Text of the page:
Australia is trailing behind a number of coronavirus-riddled nations thanks to its botched vaccine rollout.
The nation is in second-last place out of all the countries analysed and sits on par with Botswana and below even Ecuador, according to a ranking by the Our World in Data website.
Australia also ranks 76th out of 156 countries on a scale by the Financial Times, which places it below nations such as India - which recorded 168,000 new cases in on Monday - Indonesia and Covid-hit Brazil.
Only 4.5 people for every 100 have been jabbed in Australia, which pales in comparison to nations such as Israel which has given 100 per cent of its population at least one dose.
Pictured: Prime Minister Scott Morrison meets CSL staff working on the COVID vaccine while he tours the company's facility in Melbourne, March 26
Pictured: Queensland Premier Annastacia Palaszczuk and Dr John Gerrard look on as registered nurse Zoe Park receives her second COVID-19 vaccine at Gold Coast University
Rwanda, which is still recovering from genocide at the hands of extremists in the 1990s, only just trails behind Australia with a vaccination rate of 2.8 people per 100.
Australia sits in a group with countries including Bangladesh, Bolivia and Palestinian territories, with nations such as Cambodia, Mauritius, Colombia, Nepal, Jordan and Guyana.
The troubling figures are in direct contrast to Prime Minister Scott Morrison's pledge in November to put Australia at 'the front of the queue' for the Covid-19 vaccine and get the majority of residents jabbed by the end of the year.
On Sunday, Mr Morrison dumped the target due to 'uncertainties' surrounding vaccine imports.
A table by Our World in Data which places Australia below a number of nations in the vaccine rollout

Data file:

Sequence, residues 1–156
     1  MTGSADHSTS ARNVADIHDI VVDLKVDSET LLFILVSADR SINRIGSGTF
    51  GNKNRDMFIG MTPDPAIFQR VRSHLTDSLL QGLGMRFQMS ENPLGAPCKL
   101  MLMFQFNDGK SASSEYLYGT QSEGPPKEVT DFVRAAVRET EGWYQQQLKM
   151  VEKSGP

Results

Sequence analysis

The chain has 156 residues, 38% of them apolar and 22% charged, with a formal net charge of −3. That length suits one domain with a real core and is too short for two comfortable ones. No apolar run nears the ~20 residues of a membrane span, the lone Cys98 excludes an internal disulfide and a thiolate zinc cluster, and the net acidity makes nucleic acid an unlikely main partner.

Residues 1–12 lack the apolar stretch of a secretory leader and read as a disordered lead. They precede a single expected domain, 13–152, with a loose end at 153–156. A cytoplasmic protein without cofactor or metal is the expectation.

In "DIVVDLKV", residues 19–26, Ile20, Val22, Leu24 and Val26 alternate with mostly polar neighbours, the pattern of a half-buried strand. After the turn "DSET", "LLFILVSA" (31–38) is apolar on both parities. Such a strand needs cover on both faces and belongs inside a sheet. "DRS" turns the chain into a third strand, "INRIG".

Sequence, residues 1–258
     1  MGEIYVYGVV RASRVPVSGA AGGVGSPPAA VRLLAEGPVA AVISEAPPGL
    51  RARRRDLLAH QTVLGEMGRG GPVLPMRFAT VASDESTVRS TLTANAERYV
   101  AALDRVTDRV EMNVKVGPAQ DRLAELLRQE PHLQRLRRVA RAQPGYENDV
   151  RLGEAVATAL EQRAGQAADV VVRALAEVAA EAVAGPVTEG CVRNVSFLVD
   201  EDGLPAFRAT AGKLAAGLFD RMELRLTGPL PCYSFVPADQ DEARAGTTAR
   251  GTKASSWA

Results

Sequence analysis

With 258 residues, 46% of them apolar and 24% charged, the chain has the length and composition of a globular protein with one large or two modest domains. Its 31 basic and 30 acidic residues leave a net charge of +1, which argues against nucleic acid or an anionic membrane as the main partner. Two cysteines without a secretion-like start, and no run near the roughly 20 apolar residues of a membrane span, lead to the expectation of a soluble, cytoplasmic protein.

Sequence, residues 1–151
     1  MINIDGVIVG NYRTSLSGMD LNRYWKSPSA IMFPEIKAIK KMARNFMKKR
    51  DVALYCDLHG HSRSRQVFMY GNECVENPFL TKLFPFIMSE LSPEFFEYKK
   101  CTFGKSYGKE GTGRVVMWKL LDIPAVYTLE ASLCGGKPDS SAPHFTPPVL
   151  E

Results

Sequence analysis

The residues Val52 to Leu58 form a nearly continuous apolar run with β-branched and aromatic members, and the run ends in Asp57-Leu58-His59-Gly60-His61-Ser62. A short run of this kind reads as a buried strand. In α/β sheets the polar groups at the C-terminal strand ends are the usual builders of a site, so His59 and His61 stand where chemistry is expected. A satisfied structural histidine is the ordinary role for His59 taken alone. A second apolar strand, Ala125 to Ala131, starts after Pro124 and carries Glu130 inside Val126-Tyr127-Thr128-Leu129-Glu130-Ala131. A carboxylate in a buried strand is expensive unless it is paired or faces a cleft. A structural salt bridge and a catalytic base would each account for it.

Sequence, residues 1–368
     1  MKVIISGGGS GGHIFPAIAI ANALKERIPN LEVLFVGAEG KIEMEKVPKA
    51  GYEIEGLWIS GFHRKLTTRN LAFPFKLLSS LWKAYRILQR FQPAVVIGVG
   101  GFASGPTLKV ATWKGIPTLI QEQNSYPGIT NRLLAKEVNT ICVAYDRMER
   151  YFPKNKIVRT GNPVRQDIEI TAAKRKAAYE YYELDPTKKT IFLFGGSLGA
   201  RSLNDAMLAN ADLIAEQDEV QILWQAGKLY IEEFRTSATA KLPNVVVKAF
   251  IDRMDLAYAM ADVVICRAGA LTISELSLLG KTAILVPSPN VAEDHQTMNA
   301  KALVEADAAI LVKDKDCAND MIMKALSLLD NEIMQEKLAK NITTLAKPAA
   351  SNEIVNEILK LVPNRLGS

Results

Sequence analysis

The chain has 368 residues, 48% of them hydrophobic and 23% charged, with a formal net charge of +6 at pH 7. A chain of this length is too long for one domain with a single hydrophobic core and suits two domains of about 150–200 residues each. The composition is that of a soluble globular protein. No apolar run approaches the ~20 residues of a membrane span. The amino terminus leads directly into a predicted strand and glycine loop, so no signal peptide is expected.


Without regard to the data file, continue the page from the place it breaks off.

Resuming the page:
Pictured: Prime Minister Scott Morrison visits the CSL vaccine manufacturing facility on February 12, 2021 in Melbourne
He has not committed to a new timetable on when Australians will be immunised.
'The Government has also not set, nor has any plans to set any new targets for completing first doses,' he said.
'We will just get on with the job of working together to produce, distribute and administer the vaccines as safely and efficiently as possible,' he said.
'At the end of this past week, it's also important to note that more than 142,000 doses have been administered to our aged care residents, in more than 1,000 facilities, with over 46,000 of these now being second doses in over 500 facilities.'
Pictured: A woman wearing Javanese traditional costume in a vehicle receives a dose of the vaccine
He also quoted a series of nations that are moving slower than Australia in terms of vaccine rollout, including Canada, Germany and Japan, but failed to mention the nation's relatively low ranking.
The vaccine rollout has been hindered by the medical advice over the AstraZeneca vaccine, which is believed to increase a patient's likelihood of developing blood clots.
Some experts say the risk of getting a blood clot for people below the age of 50 is greater than the risk of dying from Covid.
Australia has just passed the one million mark in terms of vaccinations, well short of the four million Mr Morrison originally promised by the end of March.
On Friday, 88,500 new vaccine doses were administered, bringing the total number inoculated to 1.16million.